Franchise vs. Own Business: Why You Should Go for Franchising

Franchise vs. Own Business: Why You Should Go for Franchising

Not every entrepreneur is cut out to be a franchisee, just like not everyone is meant to start their own business—at least not for the first time. However, it’s not always easy to determine which option is best for you. You could be fit for a franchisee role, but what if you are better off building a business from scratch? Obviously, this is a decision that can affect your career path for years to come.

If you are leaning towards the franchisee route but still aren’t sure, here are several signs that may mean a franchise is more suitable for you than starting your own business.

1. You want something already established

One of the main benefits of buying a franchise is that you’re also buying their brand reputation. For example, if you take on an opportunity for a screen printing business from an already established company, you won’t have to worry about building the business from the ground up. Why? Because it already has the experience, the reputation, and the trust from customers—things that would take you months—if not years—to achieve if you build a business from scratch.

2. You have limited business experience

A franchise comes with a tried-and-tested set of systems, techniques, and guidelines that the franchisor has spent years cultivating. That said, buying a franchise is like buying a puzzle that has already been assembled—you won’t have to do the heavy lifting in trying to figure out what works, the franchisor has already done that, which is why they are expanding the business into other business owners’ hands.

If you have limited experience in business, becoming a franchisee may be the right move for you. While having experience gives you an advantage, it is unnecessary, unlike when you establish your own company.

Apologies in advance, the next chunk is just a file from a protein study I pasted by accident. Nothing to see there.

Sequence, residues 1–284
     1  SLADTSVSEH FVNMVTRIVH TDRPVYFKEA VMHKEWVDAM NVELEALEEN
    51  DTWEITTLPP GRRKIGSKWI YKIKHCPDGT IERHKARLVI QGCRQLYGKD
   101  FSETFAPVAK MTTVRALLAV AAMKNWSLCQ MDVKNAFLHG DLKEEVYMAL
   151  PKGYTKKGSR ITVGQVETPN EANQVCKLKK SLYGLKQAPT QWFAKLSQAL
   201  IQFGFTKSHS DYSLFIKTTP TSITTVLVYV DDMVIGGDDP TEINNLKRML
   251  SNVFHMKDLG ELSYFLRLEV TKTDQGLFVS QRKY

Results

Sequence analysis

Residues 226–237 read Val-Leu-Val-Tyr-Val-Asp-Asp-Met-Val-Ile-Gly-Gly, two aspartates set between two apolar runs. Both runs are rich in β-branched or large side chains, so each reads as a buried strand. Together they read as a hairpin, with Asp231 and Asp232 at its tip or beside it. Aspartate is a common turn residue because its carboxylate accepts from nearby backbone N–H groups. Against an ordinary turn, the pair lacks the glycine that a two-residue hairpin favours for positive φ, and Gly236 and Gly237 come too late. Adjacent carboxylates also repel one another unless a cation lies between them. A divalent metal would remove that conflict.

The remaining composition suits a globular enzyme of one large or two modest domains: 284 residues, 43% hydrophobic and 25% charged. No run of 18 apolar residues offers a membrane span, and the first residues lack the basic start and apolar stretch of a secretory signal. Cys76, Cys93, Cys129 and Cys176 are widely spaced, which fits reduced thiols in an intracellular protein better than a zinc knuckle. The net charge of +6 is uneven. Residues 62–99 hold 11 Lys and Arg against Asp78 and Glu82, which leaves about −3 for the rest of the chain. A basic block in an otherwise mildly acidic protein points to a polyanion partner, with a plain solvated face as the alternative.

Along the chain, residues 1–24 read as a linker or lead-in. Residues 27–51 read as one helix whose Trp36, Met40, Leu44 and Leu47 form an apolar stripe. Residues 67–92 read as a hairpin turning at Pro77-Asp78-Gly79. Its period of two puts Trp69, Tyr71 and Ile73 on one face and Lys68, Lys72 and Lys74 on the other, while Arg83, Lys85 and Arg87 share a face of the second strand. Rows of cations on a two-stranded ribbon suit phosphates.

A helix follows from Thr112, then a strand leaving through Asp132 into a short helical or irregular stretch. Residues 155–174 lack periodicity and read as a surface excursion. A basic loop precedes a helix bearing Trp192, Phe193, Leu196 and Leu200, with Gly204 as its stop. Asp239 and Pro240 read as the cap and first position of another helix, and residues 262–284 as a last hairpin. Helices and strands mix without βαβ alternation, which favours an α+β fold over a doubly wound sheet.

However, this doesn’t mean that you should go into it with zero knowledge of running a business. Having at least a basic understanding of business operations (especially when it comes to the type of franchise you want to purchase) is imperative to achieving success as a franchisee, so be sure to know the fundamentals—at the very least.

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3. You are not good at hiring people

Yes, you can hire someone to hire people for your business, but what about those first few people you take on board? Keep in mind that your first employees play a huge part in which direction your business will go, and if you are not good at hiring people, you may end up with a huge loss in your hands.

When it comes to a franchise, you can have the franchisor hire people for you. This way, each one of your employees goes through the company’s standardized testing and hiring processes. You may have the last say before you take on a new employee in your franchise, but it’s certainly better knowing that they had passed the franchisor’s hiring process before their file ended up on your desk.

4. You are new to the industry or niche

Even if you already have experience in previous business ventures, you may still find yourself having a difficult time adjusting to a new industry or niche when you decide to start another business. For example, if your first business is in the real estate industry and you want to start a food business, the differences between these two fields can be night and day.

Buying a franchise can make the transition into an unfamiliar industry a hundred times easier—in many ways, running a franchise is like a training ground in a particular industry as an entrepreneur who came from another field. Hence, it may be better to start a franchise instead of building a business from scratch if you want to explore an industry, market, or niche outside your business expertise.

5. You want an easier time getting funding

Compared to starting a business, it is often easier to secure financing if you buy a franchise instead. The reason for this is that franchisors offer financial projections as they present you with the business plan. Lenders, therefore, can see more potential in the business venture that you want to explore, especially if the company has a good financial history.

If these descriptions apply to you, then you may do better with a franchise instead of your own business—or at least for now. Nevertheless, be sure to analyze the pros and cons of each option to make the best decision for the huge investment you are about to make.

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